Forum Replies Created
May 13, 2019 at 3:31 am #293467
My heart breaks for you all. Although it sounds like you’re on the up, which is amazing news!
I’m a healer and in a surprising twist have discovered that my healings are amazing at resolving heart break. So much so, that I’m putting together a healing heartbreak package and want to test the waters further before making it official, so I’m offering it for free for 5 people.
If you want, get in touch and we can arrange something. But it sounds like you may not need it!March 25, 2019 at 1:14 pm #286297
Realise this is a month old but had to chime in! Really good advice here.
I’m drawn to the response, “You’ll be bored” – This indicates that you’re perceived as being over-qualified for the roles you’re applying for. If so, are you applying for lower skilled roles because you want to feel secure that they won’t fire you? Statistically, women are more likely to do this than men. If not, have you embelished your CV?
We develop our money-beliefs at an early age from our parents (mostly) or how, as children, we observe other’s spending habits. It’s really important to identify what those limiting beliefs are and trace them back to the formative events, so that you can begin to unravel the pattern. We create our reality with our beliefs, thoughts and actions – so those money beliefs in effect, are creating yours right now.
“I’m pretty sure reputable employers won’t employ me” – You have to get smart with how you speak to yourself and define your reality.
Break the pattern, don’t become it.
I wish you luck!
EmmaMarch 11, 2019 at 7:33 am #284049
I have experience with Intrusive Thoughts and they can truly be debilitating.
It’s helpful to understand what an intrusive thought is and why we have them. It may also be comforting for you to know that the most common topics of intrusive thoughts are religious and sexual of nature. You didn’t divulge the extent of your intrusive thoughts and I wouldn’t want to press upon your sensitivities, but just know that no matter how dark your thoughts are, you are not alone and it is very common.
Do know that I have experienced what you’re going through and the solution that helped me, may be surprising.
Firstly, Intrusive Thoughts are a component of OCD and are most common in people with extremely high morals. If we have a thought we fundamentally disagree with, we push it away out of repulsion. But, the act of resisting a thought actually causes those thoughts to come back. It can be incredibly distressing. Particularly when the subject matter is of a highly sensitive nature.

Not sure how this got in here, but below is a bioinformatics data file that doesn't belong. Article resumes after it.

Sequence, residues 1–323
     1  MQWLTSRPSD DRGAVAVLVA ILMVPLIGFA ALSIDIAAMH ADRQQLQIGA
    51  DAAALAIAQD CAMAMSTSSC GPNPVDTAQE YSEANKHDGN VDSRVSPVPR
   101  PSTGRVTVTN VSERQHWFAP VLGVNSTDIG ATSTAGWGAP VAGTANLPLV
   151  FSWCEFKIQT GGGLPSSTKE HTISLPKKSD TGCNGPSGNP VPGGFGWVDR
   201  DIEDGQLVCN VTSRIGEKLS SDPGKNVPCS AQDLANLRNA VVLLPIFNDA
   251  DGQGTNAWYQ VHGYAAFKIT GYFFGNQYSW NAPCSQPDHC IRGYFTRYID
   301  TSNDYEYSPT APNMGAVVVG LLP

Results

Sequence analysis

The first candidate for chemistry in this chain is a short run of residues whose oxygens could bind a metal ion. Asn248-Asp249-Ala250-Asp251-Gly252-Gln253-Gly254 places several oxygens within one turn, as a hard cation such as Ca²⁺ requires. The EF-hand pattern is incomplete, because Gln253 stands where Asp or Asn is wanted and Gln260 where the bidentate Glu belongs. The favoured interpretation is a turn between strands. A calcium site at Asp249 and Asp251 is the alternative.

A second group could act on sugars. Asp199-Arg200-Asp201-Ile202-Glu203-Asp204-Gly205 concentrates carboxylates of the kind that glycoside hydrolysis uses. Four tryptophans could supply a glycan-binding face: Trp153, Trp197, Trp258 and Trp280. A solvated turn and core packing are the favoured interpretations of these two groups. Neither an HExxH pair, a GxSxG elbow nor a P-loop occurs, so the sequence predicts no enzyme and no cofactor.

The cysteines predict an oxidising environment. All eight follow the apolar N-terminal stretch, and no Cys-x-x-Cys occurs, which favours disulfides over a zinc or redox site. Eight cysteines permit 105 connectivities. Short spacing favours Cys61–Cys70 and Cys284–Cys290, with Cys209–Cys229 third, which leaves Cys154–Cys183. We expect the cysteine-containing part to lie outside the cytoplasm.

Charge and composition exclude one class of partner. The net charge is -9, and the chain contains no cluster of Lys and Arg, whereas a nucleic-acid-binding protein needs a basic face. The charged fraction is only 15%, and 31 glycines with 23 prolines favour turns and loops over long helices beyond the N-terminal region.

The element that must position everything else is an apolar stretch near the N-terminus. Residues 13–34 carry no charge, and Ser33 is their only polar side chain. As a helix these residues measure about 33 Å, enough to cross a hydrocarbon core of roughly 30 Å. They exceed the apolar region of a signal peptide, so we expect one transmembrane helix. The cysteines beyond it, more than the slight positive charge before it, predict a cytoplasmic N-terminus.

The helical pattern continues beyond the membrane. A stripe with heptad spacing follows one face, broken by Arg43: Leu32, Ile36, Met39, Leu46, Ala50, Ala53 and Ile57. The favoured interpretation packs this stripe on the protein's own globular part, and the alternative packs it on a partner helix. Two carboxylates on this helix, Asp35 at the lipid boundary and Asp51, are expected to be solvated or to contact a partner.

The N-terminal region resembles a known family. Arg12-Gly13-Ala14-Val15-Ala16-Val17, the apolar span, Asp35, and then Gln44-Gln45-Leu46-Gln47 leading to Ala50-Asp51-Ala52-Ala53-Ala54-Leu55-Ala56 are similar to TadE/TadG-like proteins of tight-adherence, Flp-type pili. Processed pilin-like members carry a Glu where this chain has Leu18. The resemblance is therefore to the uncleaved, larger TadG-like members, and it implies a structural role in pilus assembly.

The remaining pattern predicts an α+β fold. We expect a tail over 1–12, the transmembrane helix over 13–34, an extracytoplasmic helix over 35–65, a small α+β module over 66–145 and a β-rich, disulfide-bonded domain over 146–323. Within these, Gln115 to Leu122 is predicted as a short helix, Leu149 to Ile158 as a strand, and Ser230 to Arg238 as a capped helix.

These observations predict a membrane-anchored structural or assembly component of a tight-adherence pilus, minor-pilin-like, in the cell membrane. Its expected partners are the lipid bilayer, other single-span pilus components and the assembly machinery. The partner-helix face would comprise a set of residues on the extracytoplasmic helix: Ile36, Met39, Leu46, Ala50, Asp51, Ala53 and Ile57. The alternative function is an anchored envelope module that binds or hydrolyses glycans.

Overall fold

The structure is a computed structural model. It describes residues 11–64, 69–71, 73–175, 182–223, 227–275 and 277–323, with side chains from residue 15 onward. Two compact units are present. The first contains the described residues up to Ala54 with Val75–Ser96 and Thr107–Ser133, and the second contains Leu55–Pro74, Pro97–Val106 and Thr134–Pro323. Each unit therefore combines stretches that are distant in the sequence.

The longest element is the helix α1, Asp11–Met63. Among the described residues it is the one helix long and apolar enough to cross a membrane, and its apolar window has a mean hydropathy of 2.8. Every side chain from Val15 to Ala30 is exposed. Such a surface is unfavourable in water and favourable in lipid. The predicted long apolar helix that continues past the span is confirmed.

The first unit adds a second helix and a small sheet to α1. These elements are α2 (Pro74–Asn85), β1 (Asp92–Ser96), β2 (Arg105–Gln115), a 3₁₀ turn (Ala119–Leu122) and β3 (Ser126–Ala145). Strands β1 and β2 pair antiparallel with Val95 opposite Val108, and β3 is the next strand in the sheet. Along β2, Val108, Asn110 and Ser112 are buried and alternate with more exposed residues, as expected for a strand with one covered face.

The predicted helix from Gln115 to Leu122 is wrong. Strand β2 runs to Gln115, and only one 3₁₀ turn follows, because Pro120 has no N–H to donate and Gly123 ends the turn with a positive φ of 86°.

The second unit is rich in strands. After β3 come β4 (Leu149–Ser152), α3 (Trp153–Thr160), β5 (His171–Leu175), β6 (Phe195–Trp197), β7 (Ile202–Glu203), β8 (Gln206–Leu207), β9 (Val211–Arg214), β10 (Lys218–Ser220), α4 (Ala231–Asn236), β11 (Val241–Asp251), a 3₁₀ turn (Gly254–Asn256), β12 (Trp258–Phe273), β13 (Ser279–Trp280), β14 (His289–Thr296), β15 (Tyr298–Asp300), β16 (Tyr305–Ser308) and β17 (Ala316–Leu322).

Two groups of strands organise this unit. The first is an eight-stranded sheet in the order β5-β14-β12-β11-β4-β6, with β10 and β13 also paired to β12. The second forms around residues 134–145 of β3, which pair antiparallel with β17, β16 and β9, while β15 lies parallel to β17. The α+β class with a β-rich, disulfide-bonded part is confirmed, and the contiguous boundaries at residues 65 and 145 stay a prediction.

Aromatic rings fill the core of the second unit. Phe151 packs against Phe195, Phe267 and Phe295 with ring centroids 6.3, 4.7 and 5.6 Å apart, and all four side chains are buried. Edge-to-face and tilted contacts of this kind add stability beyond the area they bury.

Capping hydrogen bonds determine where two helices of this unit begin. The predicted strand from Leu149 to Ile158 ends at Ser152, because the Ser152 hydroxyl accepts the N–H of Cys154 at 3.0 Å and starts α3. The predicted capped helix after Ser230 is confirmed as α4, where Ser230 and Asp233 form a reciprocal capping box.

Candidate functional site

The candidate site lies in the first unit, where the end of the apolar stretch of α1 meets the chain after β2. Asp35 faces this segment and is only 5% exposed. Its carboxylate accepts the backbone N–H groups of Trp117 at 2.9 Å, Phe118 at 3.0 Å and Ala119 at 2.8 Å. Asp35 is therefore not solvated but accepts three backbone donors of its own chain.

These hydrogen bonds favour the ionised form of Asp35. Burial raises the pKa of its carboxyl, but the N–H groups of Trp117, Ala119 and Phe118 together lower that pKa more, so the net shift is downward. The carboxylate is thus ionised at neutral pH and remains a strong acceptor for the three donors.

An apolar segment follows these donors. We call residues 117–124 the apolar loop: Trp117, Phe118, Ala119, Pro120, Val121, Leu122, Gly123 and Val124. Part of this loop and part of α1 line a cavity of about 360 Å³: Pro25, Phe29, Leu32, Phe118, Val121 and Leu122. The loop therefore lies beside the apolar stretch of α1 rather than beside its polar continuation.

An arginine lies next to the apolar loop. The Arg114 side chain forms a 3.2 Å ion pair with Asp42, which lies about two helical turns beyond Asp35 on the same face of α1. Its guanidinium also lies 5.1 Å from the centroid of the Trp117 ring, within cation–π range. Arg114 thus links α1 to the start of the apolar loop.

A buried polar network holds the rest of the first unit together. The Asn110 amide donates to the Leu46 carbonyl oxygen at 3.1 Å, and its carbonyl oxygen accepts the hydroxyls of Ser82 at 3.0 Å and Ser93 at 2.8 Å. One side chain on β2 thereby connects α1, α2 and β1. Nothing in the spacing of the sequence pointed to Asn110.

Stress is a precursor Intrusive Thoughts. The brain perceives a threat to your survival and therefore signals to you that you’re in danger, by way of intrusive thoughts. You then get trapped in a totally illogical cycle because the only ‘danger’ you’re in is the distress produced by the thoughts your brain is producing!
Here’s what transformed my experience:
Managing stress levels, respecting my limits and pulling away when things get too much. Exhaustion and poor quality sleep increase anxiety and therefore intrusive thoughts, so getting enough rest is paramount. Eating foods rich in probiotics (Your gut is your second brain and regulates mood). Interestingly, the Solar Plexus chakra, while a mental chakra actually regulates emotions, so when the Solar Plexus chakra is inharmonious (closed or chaotic), it indicates extreme emotional conditions.
Not resisting the thought. What you resist persists. It’s extremely difficult but if you allow yourself to have the thought and not react to it, disenaging completely, you allow the ‘life cycle’ of the thought to complete, therefore breaking the cycle.
Inner Child work. Active dialogue with the intrusive thought. I came across this quite naturally and found that I resolved many root beliefs that fed into my Intrusive Thoughts, in doing this. When I dialogued with the Intrusive Thought, I’d be transformed to the originating scene in my childhood and be able to comfort and reason with my inner child. However Robert Johnson, a jungian pyschologist, asserts caution with this method and potentially working with a therapist to do this, as some of the imagery that comes up can be intense. His book Inner Work is an interesting look at working with subconscious imagery.
But here’s the crucial part:
The ‘topics’ of intrusive thoughts that I’d fed an extraordinary amount of fear into (family related also), were stored within my energy field, creating form and density. In the same way trauma is held physiologically, so too are thoughts and emotions, if their proper flow is interrupted and they become stuck.